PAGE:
The practice of co-sleeping without sharing a bed has become much more common now that there are two commonly accepted terms. The first is co-sleeping, which means that parents and infants sleep in close proximity, but on a separate sleep space, in the same room. The second is bed-sharing, which refers to a sleeping arrangement in which parents and children share a sleep surface. The American Academy of Pediatrics strongly discourages new parents from sharing a bed with their infant, but has encouraged a co-sleeping arrangement in which the baby does sleep in the parents’ bedroom, just in her own safe, separate space. Groups that promote breastfeeding, like La Leche League, suggest that co-sleeping leads to higher breastfeeding success rates than a separate room arrangement.

Co-Sleeper Products
There are entire lines of co-sleeping products that allow you to keep your baby on the same level as your mattress and within arm’s reach, but maintaining your own sleep surfaces. Researching various makes and models of co-sleepers can help you get a better idea of how well you feel each will suit the needs of your unique family. The Arm’s Reach Co-Sleeper attaches to the parents’ bed, providing the benefits of co-sleeping without the risks of bed-sharing.

Portable Cribs
If you’re only planning to practice co-sleeping temporarily, a collapsible, portable crib might be the solution to your problems. Easy to assemble and lightweight, you can move the crib from one room to another as needed with relative ease. There are weight limits specific to each model, so you’ll want to be sure that your baby hasn’t’ outgrown his. Also, it’s important to be sure that each re-assembly is completed according to the manufacturer’s instruction and presents no pinching, choking or other hazards.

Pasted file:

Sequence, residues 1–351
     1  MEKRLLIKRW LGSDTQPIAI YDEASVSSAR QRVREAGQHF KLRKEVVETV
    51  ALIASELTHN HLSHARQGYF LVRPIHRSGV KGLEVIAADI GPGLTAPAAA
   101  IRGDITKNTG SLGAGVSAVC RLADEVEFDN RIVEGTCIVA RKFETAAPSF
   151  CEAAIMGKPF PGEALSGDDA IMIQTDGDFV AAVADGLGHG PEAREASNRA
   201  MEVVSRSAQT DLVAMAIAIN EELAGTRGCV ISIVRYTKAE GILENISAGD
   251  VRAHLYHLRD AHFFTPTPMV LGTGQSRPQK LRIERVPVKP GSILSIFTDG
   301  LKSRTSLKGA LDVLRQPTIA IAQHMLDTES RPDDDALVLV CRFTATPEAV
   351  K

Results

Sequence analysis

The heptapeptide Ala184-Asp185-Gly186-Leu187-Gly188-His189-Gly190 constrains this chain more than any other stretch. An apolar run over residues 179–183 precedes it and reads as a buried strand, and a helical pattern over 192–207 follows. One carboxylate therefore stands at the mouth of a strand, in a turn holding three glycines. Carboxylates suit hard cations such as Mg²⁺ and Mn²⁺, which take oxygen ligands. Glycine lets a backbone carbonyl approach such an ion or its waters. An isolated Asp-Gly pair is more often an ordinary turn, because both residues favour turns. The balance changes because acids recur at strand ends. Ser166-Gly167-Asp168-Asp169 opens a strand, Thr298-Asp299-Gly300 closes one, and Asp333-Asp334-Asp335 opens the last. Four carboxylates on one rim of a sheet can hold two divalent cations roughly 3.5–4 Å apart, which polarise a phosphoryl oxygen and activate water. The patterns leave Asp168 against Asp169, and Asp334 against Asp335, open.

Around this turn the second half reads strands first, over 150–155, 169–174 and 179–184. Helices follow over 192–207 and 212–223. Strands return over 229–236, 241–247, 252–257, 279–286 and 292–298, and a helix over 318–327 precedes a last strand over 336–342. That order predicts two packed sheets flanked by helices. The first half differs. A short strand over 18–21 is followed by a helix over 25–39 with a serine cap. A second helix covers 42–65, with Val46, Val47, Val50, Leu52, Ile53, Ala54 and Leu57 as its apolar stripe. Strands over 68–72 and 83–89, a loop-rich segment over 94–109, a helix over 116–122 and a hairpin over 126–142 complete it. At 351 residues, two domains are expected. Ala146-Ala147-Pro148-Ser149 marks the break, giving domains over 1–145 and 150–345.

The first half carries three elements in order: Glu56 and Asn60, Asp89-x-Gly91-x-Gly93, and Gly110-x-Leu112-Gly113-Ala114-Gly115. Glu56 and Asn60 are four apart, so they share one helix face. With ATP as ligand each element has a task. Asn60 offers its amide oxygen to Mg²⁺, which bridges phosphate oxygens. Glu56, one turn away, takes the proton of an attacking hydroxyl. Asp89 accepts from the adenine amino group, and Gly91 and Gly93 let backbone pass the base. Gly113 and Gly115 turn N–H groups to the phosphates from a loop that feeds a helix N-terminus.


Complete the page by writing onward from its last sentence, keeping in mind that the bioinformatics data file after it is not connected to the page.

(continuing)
Bassinets and Cradles

While a cradle isn’t collapsible like a portable crib, it is lightweight and easy to move from one room to the next as the need arises. It’s not advised that children who are old enough to sit independently sleep in cradles or bassinets, but they can be ideal for parents of newborns who only plan to co-sleep through their child’s early infancy.

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7 ways to make sure your baby has a safe sleeping space

Babies spend the majority of their first months of life in their sleep space.  Considering that babies are typically sleeping while in their cribs or bassinets – and for the longest stretches of time it’s when mom and dad are also sleeping – it’s safe to say that the time that they do spend in their sleep space is largely unsupervised. For that reason alone, parents must take proactive steps to assure their baby’s safety while sleeping.

When creating your baby’s sleep space, keep these 7 tips in mind: